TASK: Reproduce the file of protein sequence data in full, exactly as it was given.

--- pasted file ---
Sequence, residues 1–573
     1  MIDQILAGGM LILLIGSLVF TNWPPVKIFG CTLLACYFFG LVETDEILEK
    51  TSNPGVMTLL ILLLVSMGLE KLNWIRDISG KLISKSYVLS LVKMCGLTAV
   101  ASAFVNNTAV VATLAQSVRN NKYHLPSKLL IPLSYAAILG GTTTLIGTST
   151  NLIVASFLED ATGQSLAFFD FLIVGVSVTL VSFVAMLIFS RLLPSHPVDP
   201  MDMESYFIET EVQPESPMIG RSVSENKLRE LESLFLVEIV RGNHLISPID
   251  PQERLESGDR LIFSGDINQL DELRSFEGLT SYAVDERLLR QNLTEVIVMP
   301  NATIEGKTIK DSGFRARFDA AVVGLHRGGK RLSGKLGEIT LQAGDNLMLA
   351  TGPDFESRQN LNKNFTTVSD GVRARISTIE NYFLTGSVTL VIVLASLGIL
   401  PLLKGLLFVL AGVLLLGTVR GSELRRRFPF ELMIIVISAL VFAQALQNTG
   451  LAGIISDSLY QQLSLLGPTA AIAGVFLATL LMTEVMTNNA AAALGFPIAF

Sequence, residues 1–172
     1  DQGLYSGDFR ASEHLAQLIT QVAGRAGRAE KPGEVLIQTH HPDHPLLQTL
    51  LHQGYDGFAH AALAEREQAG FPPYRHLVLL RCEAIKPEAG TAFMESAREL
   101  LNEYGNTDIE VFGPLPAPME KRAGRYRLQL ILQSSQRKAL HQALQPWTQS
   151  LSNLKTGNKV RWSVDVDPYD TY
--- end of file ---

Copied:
Sequence, residues 1–573
     1  MIDQILAGGM LILLIGSLVF TNWPPVKIFG CTLLACYFFG LVETDEILEK
    51  TSNPGVMTLL ILLLVSMGLE KLNWIRDISG KLISKSYVLS LVKMCGLTAV
   101  ASAFVNNTAV VATLAQSVRN NKYHLPSKLL IPLSYAAILG GTTTLIGTST
   151  NLIVASFLED ATGQSLAFFD FLIVGVSVTL VSFVAMLIFS RLLPSHPVDP
   201  MDMESYFIET EVQPESPMIG RSVSENKLRE LESLFLVEIV RGNHLISPID
   251  PQERLESGDR LIFSGDINQL DELRSFEGLT SYAVDERLLR QNLTEVIVMP
   301  NATIEGKTIK DSGFRARFDA AVVGLHRGGK RLSGKLGEIT LQAGDNLMLA
   351  TGPDFESRQN LNKNFTTVSD GVRARISTIE NYFLTGSVTL VIVLASLGIL
   401  PLLKGLLFVL AGVLLLGTVR GSELRRRFPF ELMIIVISAL VFAQALQNTG
   451  LAGIISDSLY QQLSLLGPTA AIAGVFLATL LMTEVMTNNA AAALGFPIAF

Sequence, residues 1–172
     1  DQGLYSGDFR ASEHLAQLIT QVAGRAGRAE KPGEVLIQTH HPDHPLLQTL
    51  LHQGYDGFAH AALAEREQAG FPPYRHLVLL RCEAIKPEAG TAFMESAREL
   101  LNEYGNTDIE VFGPLPAPME KRAGRYRLQL ILQSSQRKAL HQALQPWTQS
   151  LSNLKTGNKV RWSVDVDPYD TY